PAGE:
Spain police break up Moroccan migrant smuggling ring
Spanish police said Friday they have smashed a network which smuggled Moroccans into Spain, arresting seven Moroccans and freeing a man they were holding hostage.
The smugglers charged 5,000-10,000 euros ($5,700-11,400) per person to get them into Spain, usually in the northern region of Navarra on the border with France, and help them get their authorisation to live legally in the country, a statement said.
They would either transport them by ferry to mainland Spain by giving them legal documents belonging to other people with similar physical appearances or hide them in cars that crossed into Spain’s North African territories of Ceuta and Melilla from Morocco.
But once in Spain, the group usually did not help the migrants obtain legal status and would hold those who had not paid their full fees hostage until their family and friends came up with the money.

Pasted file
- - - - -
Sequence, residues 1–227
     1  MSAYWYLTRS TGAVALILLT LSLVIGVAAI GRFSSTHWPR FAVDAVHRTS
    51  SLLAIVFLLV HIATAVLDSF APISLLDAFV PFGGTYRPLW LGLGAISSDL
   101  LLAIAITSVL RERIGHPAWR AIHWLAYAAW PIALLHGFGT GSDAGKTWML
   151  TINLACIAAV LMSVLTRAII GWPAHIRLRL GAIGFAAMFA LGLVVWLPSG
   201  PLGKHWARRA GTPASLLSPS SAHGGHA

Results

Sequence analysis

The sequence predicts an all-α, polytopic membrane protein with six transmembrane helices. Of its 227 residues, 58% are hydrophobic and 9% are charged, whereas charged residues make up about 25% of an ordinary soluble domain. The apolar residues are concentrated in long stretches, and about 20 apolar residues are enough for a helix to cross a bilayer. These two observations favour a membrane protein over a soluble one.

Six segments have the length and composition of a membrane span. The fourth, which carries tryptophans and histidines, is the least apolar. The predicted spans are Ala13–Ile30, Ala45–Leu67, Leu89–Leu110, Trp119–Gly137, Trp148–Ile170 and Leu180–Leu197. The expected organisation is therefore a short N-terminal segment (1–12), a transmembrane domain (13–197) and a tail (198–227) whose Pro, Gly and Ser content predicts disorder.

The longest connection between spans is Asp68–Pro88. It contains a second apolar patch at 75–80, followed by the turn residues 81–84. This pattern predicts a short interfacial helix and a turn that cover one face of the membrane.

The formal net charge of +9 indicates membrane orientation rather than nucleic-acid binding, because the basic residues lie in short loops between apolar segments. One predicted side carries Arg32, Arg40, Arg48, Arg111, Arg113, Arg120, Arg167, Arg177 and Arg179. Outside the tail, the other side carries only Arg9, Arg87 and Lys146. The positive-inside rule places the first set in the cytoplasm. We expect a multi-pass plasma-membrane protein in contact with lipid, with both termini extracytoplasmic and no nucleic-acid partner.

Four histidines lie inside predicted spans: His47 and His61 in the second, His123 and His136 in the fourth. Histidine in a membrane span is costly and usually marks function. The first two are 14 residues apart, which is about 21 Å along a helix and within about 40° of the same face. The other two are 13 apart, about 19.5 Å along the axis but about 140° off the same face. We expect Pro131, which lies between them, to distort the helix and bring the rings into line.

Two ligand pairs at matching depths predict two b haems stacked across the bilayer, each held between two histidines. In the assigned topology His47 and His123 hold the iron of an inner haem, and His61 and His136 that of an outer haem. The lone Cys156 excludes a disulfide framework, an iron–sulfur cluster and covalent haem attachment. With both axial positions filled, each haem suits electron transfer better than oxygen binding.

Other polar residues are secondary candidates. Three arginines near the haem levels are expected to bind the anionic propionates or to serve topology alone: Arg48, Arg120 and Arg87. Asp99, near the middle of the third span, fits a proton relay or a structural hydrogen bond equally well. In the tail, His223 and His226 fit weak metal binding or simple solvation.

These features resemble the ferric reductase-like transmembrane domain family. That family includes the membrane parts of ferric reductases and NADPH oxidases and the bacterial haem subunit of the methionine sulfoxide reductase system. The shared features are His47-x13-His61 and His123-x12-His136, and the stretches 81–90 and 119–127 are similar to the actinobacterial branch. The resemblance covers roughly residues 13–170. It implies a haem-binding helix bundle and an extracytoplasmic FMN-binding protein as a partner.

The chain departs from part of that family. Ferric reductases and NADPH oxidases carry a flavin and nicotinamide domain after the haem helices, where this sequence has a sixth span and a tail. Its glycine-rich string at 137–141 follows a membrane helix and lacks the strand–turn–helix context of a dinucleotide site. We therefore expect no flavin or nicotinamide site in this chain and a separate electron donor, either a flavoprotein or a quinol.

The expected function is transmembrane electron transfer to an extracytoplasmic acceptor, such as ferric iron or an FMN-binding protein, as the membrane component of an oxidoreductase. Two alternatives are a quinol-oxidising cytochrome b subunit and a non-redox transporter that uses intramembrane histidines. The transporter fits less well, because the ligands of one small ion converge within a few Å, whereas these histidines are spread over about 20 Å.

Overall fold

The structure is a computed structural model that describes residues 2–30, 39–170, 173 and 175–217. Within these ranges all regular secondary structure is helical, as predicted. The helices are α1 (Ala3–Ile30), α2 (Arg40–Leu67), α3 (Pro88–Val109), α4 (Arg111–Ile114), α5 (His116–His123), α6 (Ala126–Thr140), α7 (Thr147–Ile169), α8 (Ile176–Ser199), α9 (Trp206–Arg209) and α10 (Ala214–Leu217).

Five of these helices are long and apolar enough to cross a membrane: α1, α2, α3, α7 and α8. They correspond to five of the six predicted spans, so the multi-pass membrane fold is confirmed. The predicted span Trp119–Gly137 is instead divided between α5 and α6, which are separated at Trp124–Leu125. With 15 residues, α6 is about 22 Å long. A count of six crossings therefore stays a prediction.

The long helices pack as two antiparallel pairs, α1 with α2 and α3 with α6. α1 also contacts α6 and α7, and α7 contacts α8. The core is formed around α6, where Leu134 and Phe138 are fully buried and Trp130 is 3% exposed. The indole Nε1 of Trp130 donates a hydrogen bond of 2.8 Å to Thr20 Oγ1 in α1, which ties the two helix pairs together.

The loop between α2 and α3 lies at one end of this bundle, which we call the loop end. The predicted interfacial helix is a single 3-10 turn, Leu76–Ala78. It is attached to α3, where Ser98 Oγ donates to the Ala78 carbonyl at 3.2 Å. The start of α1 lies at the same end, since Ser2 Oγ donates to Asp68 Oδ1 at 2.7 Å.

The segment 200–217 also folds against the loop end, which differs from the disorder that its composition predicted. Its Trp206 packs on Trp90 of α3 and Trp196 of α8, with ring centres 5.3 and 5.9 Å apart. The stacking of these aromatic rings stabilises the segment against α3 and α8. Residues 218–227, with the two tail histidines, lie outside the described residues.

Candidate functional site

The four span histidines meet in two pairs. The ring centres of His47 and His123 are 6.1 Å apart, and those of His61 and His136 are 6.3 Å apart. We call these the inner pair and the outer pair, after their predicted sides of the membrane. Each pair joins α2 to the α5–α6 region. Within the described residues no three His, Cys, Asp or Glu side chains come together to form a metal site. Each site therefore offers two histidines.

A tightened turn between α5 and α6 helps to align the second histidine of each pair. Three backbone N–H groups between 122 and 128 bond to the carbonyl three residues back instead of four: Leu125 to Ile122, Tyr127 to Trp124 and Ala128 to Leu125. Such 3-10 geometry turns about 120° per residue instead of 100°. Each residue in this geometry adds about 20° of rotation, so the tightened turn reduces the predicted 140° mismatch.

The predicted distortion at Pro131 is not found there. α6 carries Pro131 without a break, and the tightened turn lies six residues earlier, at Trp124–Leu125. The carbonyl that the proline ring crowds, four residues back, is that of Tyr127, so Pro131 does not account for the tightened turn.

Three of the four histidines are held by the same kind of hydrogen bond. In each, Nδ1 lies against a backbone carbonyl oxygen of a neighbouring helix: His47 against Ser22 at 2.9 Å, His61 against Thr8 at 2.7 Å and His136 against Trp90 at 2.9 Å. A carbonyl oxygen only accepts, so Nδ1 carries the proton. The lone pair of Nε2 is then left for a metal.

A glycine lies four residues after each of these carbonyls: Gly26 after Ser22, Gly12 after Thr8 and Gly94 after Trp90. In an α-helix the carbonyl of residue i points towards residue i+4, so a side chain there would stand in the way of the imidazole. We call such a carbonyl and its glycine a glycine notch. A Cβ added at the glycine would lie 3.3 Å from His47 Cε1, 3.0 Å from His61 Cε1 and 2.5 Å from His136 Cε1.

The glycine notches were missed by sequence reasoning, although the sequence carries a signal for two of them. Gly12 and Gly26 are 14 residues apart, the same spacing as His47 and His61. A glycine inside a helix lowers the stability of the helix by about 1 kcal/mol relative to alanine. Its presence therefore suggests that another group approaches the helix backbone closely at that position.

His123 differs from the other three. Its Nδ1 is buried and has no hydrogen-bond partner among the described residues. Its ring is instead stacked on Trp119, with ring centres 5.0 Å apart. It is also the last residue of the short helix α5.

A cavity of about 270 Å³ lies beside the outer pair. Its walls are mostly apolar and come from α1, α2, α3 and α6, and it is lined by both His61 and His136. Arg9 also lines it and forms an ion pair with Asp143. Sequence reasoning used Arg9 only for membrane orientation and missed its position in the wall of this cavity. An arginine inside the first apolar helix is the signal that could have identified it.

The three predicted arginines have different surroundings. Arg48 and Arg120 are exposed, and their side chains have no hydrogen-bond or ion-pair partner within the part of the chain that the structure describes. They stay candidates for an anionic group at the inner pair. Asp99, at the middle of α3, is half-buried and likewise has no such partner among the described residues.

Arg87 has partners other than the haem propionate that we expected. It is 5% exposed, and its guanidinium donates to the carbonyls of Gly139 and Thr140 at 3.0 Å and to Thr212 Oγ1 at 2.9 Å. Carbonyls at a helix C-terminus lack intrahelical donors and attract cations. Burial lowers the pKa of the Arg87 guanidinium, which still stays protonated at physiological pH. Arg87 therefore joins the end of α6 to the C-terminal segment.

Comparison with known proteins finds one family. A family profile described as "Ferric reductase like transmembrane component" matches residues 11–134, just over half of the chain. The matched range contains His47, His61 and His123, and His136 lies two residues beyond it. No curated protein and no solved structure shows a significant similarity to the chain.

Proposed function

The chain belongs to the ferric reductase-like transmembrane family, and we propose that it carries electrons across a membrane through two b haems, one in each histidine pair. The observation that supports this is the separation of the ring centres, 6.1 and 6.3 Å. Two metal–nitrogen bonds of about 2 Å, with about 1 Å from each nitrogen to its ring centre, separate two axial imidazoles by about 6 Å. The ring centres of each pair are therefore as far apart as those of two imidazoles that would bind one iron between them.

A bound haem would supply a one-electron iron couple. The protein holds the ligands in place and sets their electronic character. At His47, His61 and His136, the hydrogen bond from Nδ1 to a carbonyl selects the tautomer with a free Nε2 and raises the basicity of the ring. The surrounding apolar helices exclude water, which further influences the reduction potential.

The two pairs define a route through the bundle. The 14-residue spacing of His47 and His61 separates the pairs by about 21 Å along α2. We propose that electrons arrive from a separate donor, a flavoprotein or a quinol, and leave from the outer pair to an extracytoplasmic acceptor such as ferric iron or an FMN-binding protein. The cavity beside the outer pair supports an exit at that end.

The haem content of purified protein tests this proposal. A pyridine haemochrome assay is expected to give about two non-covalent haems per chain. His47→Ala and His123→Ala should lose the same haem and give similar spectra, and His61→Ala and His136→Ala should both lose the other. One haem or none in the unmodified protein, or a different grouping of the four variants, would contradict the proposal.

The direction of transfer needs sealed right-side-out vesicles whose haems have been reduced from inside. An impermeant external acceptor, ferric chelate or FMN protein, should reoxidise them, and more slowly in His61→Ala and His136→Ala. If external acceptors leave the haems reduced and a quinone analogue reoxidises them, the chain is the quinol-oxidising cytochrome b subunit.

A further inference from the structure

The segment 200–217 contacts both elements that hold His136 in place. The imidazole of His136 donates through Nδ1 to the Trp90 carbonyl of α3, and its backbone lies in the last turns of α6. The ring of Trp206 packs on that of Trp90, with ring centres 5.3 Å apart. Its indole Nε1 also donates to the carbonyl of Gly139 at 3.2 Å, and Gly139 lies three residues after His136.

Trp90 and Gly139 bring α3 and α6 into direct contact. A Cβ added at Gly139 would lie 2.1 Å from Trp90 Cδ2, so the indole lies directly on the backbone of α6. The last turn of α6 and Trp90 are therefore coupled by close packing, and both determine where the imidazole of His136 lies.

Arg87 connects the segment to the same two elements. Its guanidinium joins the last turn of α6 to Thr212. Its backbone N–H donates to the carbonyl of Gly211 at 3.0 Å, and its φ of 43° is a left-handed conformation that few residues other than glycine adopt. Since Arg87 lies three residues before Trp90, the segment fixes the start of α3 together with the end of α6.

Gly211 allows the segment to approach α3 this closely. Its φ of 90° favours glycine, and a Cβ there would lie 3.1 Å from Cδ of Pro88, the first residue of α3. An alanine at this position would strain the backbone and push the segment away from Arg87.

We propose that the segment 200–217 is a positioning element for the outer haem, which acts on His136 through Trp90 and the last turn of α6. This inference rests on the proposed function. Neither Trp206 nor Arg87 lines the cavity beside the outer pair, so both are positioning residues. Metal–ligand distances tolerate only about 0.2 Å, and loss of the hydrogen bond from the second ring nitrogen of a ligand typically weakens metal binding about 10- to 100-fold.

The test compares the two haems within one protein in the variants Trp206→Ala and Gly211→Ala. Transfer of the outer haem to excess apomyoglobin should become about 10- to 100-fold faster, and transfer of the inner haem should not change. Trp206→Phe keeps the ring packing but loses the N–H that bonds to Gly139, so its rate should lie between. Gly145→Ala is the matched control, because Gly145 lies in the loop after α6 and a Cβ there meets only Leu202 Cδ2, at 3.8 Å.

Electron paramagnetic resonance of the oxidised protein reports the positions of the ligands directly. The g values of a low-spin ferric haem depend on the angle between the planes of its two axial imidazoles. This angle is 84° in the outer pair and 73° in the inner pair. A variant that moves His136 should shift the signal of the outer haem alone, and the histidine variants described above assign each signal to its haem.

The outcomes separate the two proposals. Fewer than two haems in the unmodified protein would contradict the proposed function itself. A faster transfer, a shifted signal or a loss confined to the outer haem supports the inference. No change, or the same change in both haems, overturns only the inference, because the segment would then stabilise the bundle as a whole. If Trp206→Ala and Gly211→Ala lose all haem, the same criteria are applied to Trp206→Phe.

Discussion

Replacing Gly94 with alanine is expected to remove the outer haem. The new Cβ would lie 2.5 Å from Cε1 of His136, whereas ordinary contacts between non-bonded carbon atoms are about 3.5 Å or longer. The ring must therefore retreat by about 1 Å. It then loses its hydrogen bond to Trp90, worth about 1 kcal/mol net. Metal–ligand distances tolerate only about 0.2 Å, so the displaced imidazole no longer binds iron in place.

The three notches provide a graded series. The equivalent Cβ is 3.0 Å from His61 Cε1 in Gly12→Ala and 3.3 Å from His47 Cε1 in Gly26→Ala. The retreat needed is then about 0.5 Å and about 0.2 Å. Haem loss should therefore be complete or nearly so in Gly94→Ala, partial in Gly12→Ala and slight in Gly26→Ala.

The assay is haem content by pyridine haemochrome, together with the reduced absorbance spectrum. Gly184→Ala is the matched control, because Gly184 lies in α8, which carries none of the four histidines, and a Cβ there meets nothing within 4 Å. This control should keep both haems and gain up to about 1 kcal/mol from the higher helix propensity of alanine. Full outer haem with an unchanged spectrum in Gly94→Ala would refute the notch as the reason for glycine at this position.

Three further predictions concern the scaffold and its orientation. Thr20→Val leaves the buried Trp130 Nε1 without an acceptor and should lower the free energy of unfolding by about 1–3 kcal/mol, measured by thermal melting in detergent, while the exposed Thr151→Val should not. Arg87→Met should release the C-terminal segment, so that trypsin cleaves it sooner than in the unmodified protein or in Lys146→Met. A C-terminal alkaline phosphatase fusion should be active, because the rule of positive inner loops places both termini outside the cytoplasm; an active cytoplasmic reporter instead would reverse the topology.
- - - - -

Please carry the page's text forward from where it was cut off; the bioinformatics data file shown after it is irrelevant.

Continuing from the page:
The police raided a house in town of Andosilla in Navarra which the ring used and freed a man who was being held.
The hostage “suffered poor hygiene and was forced to sleep on the floor on some blankets and was accompanied at all times by a person charged with supervising him,” the statement said.
Police also seized two cars, including one which they suspect was used to smuggle migrants into Ceuta and Mellila from Morocco.
Ceuta and Melilla have the only land borders between Africa and the European Union. Each year thousands of migrants seeking a better life in Europe try to enter the two territories.